As an ex-Roman Catholic, Martin voices an issue many can relate to – how the church shames people for having sex. “Why would God bestow on us a sexual desire that he then wants us to resist?” He can’t understand why Philomena would protect the very nuns who shamed the unwed mothers into indentured servitude and then sold off their babies. But Philomena’s faith is not limited to a flawed institution; it is built on God’s forgiveness.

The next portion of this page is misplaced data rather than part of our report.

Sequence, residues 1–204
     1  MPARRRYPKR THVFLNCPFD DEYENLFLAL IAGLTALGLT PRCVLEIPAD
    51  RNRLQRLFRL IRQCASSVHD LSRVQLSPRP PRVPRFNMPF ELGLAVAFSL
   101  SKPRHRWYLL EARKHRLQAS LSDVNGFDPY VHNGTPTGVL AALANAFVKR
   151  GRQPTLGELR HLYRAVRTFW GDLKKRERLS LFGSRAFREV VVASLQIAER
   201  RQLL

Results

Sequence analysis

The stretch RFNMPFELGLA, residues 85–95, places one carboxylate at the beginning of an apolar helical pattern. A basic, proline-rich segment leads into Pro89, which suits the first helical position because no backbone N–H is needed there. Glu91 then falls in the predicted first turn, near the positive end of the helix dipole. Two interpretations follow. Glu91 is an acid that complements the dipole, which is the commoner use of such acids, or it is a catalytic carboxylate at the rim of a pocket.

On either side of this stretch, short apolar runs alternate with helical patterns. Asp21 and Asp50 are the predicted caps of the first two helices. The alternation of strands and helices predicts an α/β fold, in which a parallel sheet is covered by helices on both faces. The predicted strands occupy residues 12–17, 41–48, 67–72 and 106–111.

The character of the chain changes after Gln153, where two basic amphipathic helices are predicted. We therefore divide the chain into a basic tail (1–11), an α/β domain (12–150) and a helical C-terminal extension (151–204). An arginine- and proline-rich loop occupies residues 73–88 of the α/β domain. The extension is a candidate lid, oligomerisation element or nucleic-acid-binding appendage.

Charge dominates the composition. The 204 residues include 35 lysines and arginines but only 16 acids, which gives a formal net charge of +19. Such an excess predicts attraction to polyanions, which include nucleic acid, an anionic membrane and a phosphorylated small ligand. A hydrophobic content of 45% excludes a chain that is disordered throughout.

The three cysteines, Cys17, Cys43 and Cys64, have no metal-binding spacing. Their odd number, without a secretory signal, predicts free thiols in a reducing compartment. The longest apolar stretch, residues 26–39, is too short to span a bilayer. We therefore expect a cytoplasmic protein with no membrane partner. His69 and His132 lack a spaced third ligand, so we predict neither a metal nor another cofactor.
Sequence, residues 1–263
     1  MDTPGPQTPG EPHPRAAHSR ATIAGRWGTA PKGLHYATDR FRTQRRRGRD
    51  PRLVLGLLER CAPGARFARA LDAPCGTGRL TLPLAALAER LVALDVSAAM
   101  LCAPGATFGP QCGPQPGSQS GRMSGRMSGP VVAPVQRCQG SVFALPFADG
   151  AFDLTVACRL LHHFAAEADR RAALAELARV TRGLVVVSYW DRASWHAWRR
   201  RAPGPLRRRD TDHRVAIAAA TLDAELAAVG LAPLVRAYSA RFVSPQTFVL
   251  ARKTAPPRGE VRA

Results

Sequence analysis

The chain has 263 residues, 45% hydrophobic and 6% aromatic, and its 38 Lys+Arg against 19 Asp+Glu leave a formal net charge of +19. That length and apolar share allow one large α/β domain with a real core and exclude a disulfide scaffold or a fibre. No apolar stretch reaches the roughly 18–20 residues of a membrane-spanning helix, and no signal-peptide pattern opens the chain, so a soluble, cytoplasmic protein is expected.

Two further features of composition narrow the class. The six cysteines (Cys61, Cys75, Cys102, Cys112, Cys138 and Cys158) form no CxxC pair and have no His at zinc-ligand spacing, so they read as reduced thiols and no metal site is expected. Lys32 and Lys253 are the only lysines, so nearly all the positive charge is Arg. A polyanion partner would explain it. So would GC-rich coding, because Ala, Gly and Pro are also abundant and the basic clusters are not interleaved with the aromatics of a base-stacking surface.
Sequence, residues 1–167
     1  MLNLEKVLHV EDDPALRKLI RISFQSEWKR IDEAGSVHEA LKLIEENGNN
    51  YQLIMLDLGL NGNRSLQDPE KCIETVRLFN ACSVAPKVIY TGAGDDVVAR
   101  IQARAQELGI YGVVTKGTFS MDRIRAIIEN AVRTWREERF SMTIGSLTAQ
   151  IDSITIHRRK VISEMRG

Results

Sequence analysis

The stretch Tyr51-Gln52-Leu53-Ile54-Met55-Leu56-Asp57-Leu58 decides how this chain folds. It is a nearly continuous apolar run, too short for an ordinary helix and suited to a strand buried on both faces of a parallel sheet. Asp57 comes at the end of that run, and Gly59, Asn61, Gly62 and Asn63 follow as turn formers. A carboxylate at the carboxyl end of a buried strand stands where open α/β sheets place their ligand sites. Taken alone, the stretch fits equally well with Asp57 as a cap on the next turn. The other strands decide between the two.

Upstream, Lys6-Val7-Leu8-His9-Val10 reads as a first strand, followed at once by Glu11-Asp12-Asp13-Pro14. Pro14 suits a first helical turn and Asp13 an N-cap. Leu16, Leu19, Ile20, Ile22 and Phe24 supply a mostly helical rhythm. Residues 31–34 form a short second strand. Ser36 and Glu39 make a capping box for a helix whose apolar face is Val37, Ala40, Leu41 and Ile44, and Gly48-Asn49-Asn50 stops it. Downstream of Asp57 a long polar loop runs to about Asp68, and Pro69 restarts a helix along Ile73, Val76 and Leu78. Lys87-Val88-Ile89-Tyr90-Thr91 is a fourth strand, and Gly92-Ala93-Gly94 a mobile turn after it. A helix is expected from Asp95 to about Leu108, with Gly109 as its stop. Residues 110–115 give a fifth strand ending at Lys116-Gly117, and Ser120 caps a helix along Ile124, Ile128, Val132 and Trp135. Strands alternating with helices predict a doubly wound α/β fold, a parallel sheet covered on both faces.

Director Stephen Frears takes us on an “odd couple” road trip, steering clear of sappy MOW (Movie of the Week) pitfalls. Comic moments are accentuated by exaggerating their differences: Philomena’s small town naivety in contrast to Martin’s world-weary cynicism. Much of the humor comes from Philomena taking everything Martin says literally. When he politely asks her how she is, she goes on …and on…about her hip replacement. She is portrayed as a sort of "everymom." In the end, she doesn't want the story published because she is ashamed. While Martin finally understands the importance of sharing this “everymom” story - to help other mothers whose children were given up for adoption.